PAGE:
Beginning in the 1960s, anthropologists had begun to question their basic concepts and motivations, as well as their own cultural, class, racial, and gendered positions as ethnographers, reflecting the ethos of the time. The debates led to a more refined understanding of the moral and ethical nature of ethnographic research and writing, with a consensus forming that ethnographers should expose, analyse, and critique human inequality and discrimination, and appreciate other ways of being human (Knauft 1996). The debate about anthropological identity gained momentum again in the 1980s. A number of scholars, anthropologists among them, turned their attention to the nature of ethnographic writing and representation at a moment of postmodern sensibility. The more recent focus on ‘anthropological engagement’, a research method that might include a challenging mix of social critique, advocacy, and activism, views research as co-produced by the anthropologist and members of the community being studied (Low and Merry 2010). As Marcus and Fisher (1986) had proposed earlier, ethnographic writing would provide the descriptive foundation for anthropological theory, a crucible for theoretical play which allowed for the reconceptualization and rebuilding of anthropological theory.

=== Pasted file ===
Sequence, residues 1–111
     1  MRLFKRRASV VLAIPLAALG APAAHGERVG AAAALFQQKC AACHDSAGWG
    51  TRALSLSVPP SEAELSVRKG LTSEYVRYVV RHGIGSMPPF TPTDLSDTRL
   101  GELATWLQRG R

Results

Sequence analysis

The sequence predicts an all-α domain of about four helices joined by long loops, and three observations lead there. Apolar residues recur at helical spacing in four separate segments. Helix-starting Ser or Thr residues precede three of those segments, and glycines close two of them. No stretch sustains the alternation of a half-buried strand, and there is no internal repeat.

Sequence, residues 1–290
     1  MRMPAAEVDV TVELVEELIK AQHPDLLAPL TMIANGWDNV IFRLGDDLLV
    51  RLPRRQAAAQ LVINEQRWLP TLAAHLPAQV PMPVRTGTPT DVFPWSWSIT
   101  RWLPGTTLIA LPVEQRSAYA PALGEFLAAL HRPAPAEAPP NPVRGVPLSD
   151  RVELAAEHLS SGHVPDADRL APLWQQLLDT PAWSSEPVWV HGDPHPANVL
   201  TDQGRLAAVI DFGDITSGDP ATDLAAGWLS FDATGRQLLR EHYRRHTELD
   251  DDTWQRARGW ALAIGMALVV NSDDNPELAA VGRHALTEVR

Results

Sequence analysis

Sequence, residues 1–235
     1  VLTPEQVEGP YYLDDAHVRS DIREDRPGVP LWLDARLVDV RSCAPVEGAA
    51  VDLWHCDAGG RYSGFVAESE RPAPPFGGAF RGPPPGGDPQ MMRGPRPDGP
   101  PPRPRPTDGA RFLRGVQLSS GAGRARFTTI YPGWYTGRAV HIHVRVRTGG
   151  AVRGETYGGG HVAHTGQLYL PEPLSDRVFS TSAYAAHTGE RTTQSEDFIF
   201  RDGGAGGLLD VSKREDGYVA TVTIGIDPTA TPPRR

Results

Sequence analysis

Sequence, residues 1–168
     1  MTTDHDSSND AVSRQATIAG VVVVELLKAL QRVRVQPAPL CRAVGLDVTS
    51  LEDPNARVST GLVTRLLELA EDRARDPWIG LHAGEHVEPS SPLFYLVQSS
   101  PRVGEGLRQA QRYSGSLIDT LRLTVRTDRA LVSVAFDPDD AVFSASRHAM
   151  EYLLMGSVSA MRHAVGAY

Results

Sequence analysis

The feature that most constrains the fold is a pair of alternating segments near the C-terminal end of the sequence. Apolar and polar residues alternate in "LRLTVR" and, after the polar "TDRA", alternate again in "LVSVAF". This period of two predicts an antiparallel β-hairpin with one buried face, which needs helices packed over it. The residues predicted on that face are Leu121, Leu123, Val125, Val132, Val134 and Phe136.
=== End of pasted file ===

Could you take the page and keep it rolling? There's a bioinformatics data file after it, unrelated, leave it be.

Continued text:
As a result of this exercise in disciplinary self-analysis, some scholars have turned away from research based on the concept of the ‘Other’, a distancing term that both leaves little room for exploring the intimacies and complexities in human relationships, and places a limit on the entities that are considered to belong in a common world (Descola 1996; Viveiros de Castro 1998; Kohn 2013). We are called instead to encounter what might be called ‘otherness’, a kind of ‘third place’ achieved mid-stream by the swimmer who crosses a river, to adopt Michel Serres’s (1991, 5–6) metaphor. The real ‘passage’ occurs in the middle space between two thresholds, when the swimmer abandons all reference points.